These are the channels through which the virus often finds its way into your system.
How to Spot MEMZ Trojan?
Spotting the MEMZ Trojan on your computer can be tricky.
Sometimes, the virus might show you a message, but often, you won’t realize it’s there until you see a warning in Notepad saying your computer won’t start again.
Here are some signs that your computer might have the MEMZ Trojan:
- Strange Browser Behavior: Your web browser suddenly opens and shows unexpected search results.
- Mysterious Mouse Movements: The mouse cursor moves independently, and you get weird error messages.
- Unpredictable Apps: Applications open and close without you doing anything.
- Errors and Crashes: Odd errors pop up, and your system crashes unexpectedly.
- Flashing Colors: Your desktop screen will light up in various colors, flashing.
- Curious Cursor: Your mouse cursor will be accompanied by several similar pointers trailing behind it.
- Playful Animation: An adorable pixel animation of Nyan Cat, complete with a rainbow trail, will soar across your screen.
- Unexpected Notepad: A not-so-friendly message might pop up in a Notepad window.
- Error Messages: You’ll see error messages on your screen, like:
- “The MEMZ Trojan has trashed your computer. Now, enjoy the Nyan Cat.”
- “Insert Joel quote here.”
- “VIRUS PRANK GONE WRONG”
- Blue Screen Warning: A blue screen might appear, warning about an impending crash dump that could render your PC unable to start.
- Surprising App Behavior: Random applications might open and close without any warning.
- Frequent Crashes: System crashes become a common occurrence.
- Browser Surprises: Your web browser might unexpectedly pop open, displaying not-so-nice things.
The MEMZ virus can also spread other malware on your computer. It might mess with your screen colors, take screenshots rapidly, and show them in a tunnel-like effect.
How to Remove MEMZ Trojan Virus?
Are you dealing with a MEMZ virus on your computer? Don’t wait too long to address it.
Follow the instructions below for real solutions to this problem.
1 . Stop the MEMZ Task
Destroying or stopping the MEMZ task is a straightforward fix. You can use a simple script in Command Prompt to get it done.
- Open Command Prompt as an administrator for added privileges. Search for it in the search bar and choose “Run as Administrator.”
- Enter and execute the command by pressing Enter: taskkill/f /im MEMZ.exe.
- You can disable the process if needed. While not a permanent solution, it can help keep the virus at bay.
2. Run an Antivirus Scan
Antivirus software is crucial for scanning and removing viruses. It effectively detects and warns against malicious programs and files.
Install and maintain antivirus software up to date to avoid similar attacks.
To use Windows’ built-in utility for scanning:
- Open Windows Settings by pressing Win+I on your keyboard.
- Click on “Update & Security.”
- Select “Windows Security” on the left panel.
- Choose “Virus & threat protection” and click “Scan options.”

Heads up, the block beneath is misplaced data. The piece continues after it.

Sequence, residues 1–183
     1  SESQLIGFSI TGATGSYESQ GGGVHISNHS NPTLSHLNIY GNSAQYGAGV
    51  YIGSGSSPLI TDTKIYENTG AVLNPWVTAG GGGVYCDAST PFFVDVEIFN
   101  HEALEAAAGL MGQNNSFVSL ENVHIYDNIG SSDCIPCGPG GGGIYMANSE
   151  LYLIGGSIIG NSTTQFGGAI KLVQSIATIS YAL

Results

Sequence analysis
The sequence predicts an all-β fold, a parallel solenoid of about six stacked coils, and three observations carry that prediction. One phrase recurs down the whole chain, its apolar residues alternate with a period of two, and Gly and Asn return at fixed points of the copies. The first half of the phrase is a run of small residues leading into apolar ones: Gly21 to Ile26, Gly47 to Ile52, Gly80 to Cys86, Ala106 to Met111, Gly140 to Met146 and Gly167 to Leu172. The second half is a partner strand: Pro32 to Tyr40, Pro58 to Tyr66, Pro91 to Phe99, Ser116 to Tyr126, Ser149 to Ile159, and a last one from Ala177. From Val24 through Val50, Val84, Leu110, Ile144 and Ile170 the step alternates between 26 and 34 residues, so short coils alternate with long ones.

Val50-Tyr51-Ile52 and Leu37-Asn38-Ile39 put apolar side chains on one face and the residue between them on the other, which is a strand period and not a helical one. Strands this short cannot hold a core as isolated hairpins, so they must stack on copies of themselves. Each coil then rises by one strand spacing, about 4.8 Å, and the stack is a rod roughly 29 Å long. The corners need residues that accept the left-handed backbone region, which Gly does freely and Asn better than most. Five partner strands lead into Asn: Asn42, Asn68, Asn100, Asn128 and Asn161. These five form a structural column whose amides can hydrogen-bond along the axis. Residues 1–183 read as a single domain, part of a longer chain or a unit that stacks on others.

- Opt for a “Full scan” and click “Scan now” to begin.
- For better security, consider using advanced antivirus software like SpyHunter.
3. Reset Your PC/System
Resetting your PC can help recover files. Here’s how to reset a Windows system and remove the MEMZ virus:
- Open Windows Settings by pressing Win+I.
- Click on “Update & Security.”
- Navigate to “Recovery.”
- Under “Reset this PC,” click “Get started.”
- Choose “Remove everything” to clear infected files.
4. Perform System Restore
System restore lets you revert to previous states. It can be helpful in case of crashes caused by the virus.
Follow these steps:
- Connect a USB drive and install Windows Installation Media.
- Restart your PC and follow this path: System Restore > Advanced Options > Troubleshoot Settings.
- Go to the “System Protection” tab in the system properties and click “System Restore.”
- Create a restore point as directed, then click “Next.”
- Select a restore point before encountering the virus.
- Complete the process and exit.
The Bottom Line
The MEMZ Trojan virus stands as a significant risk. What began as a quirky experiment has transformed into a genuine threat capable of causing computer chaos.
However, if you stay cautious of downloads, keep your antivirus up-to-date, and are careful with email attachments, you can better protect your system from this troublesome virus.
Frequently Asked Questions
Q. Is It Safe?
Ans. No, the MEMZ Trojan virus is not safe. Malicious software can harm your computer, steal data, and disrupt your system’s functionality.
Q. How Does the MEMZ Trojan Virus Spread?
Ans. The MEMZ Trojan virus often spreads through downloads from infected websites, malicious email attachments, or software bundles.
Q. What Are the Effects of the MEMZ Trojan Virus?
Ans. The MEMZ Trojan virus can lead to erratic behavior like flashing screens, cursor movement, and random errors. It may also damage essential system files.
Q. How Can I Protect My Computer From the MEMZ Trojan Virus?
Ans. To protect your computer, avoid downloading from suspicious sources, regularly update your antivirus software, and be cautious with email attachments and links.